SANFORD, Fla. — It’s Earth Day weekend and Seminole County along with the city of Sanford and the St. Johns Riverkeeper have all partnered together to keep parks alongside the St. Johns River clean of waste.

What You Need To Know

  • Seminole County, City of Sanford and the St. Johns Riverkeeper partnered together for St. Johns River Cleanup

  • About 175 volunteers went out to protect Seminole County's waterways by removing litter from the St. Johns River and its shoreline on Earth Day weekend

  • The event is part of the St. Johns Riverkeeper's collaborative, month-long Great St. Johns River Cleanup, hosted by partners throughout the watershed

On a typical Saturday morning, you can find David Yoder at his home, but this weekend was just a little different.

Yoder is the president of a regional chapter of Sri Sathya Sai International, and members helped out as part of the cleanup.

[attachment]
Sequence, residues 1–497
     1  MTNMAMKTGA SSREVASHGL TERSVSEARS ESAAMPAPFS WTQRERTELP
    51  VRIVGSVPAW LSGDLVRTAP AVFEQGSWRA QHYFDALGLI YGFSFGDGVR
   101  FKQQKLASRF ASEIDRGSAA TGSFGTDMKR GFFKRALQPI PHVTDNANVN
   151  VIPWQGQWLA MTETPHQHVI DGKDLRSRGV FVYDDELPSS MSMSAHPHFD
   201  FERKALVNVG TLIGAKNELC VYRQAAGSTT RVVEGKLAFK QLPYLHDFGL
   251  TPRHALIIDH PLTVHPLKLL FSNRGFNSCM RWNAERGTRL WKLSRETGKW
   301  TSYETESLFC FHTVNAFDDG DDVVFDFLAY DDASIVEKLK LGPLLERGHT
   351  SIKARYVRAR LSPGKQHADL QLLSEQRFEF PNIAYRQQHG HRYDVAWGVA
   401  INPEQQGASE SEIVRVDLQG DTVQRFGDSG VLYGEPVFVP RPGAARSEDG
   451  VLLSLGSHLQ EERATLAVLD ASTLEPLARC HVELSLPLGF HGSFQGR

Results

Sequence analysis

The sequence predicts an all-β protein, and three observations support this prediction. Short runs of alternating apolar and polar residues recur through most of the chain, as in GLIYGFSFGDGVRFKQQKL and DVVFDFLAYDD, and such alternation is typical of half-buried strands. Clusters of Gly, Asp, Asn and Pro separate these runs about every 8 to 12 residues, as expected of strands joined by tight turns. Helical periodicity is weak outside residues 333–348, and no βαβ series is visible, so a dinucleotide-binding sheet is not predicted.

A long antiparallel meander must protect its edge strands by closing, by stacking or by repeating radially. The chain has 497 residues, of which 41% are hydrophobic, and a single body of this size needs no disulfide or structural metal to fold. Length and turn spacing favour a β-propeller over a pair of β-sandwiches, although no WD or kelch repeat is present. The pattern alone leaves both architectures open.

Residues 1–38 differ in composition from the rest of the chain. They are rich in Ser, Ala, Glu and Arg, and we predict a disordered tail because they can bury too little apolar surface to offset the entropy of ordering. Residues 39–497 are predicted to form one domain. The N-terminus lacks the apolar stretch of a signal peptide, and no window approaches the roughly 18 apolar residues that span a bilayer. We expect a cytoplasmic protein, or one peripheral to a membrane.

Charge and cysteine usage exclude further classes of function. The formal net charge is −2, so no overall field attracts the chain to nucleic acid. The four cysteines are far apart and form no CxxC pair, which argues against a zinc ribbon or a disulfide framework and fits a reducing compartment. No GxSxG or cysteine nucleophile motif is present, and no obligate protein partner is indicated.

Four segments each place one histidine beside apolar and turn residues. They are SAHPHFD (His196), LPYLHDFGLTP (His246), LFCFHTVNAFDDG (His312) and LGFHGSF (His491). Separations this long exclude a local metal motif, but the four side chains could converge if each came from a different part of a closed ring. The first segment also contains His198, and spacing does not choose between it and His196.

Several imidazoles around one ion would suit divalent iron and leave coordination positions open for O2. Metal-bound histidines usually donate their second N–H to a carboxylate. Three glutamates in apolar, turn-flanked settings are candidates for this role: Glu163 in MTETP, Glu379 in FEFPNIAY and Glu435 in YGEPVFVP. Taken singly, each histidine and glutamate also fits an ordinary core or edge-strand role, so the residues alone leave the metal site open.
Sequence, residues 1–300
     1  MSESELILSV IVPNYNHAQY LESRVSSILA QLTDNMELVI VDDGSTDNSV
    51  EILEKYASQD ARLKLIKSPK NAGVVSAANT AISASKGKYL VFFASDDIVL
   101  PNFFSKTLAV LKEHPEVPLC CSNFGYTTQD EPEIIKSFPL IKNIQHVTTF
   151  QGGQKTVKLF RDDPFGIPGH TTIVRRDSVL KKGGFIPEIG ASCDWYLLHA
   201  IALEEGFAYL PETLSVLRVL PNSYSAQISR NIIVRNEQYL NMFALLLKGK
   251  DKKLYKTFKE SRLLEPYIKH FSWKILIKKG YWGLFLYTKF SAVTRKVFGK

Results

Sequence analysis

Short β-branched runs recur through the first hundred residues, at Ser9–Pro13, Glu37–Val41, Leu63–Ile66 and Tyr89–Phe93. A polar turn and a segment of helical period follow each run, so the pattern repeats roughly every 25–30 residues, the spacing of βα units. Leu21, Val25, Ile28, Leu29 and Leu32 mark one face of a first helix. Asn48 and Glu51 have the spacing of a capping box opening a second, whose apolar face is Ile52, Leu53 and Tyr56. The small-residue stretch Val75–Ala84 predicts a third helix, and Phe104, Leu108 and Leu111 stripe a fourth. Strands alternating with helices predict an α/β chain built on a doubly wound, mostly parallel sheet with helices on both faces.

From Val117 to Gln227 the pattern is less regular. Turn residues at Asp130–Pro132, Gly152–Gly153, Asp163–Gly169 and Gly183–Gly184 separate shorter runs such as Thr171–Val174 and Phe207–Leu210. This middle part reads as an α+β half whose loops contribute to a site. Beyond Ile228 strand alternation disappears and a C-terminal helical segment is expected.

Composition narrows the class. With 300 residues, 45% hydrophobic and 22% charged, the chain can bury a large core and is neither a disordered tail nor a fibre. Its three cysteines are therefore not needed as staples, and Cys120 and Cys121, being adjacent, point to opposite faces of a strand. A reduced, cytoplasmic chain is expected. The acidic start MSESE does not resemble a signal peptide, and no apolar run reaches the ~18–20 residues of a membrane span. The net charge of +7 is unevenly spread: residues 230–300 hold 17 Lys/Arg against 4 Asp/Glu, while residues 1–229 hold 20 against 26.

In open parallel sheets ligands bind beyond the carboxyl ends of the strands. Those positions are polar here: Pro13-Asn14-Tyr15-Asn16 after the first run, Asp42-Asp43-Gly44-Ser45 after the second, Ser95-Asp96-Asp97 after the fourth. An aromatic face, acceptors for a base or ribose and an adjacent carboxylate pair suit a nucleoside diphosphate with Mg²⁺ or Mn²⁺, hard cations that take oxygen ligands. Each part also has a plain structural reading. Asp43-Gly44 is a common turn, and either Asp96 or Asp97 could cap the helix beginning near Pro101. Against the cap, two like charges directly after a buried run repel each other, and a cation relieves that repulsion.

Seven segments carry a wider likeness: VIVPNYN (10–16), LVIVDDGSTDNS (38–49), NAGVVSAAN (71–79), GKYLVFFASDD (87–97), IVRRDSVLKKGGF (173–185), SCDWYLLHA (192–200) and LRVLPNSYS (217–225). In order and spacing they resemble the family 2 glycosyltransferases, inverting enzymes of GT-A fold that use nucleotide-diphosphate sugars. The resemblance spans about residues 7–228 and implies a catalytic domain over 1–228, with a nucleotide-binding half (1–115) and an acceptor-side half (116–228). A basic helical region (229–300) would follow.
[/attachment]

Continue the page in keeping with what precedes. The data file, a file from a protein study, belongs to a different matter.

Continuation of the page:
“We would probably be looking to plant trees or I’d be working on my yard, planting trees,” he said. “That’s one of the things we’re trying to do as an organization around the nation. We’re trying to plant a million trees.”

Some members shared why they decided to dedicate their time to the cause.

“It’s very important because our environment is affected by everything we throw away,” said Maria Graham, a volunteer. “Right now our oceans are suffering, not only that every tree that you see around here gets affected by it and the beauty of it. It spoils the whole beauty of it: nature.”

The group began the walk, looking for trash and waste to be picked up along downtown Sanford’s shoreline.  

Grace Hamilton, another volunteer with the group, says moments like these make her emotional, being able to take in all the Earth’s beauty.

“I care about this planet more than anything and if I talk about it long enough, I’ll just start crying,” she said. “I like to do everything I can. Whether it’s animals, plants, trash, or rivers, whatever.”

The group may have been small in numbers, but they were mighty in effort with bags filled with trash, with smiles on their faces.

This event is part of the St. Johns Riverkeeper’s collaborative, month-long cleanup.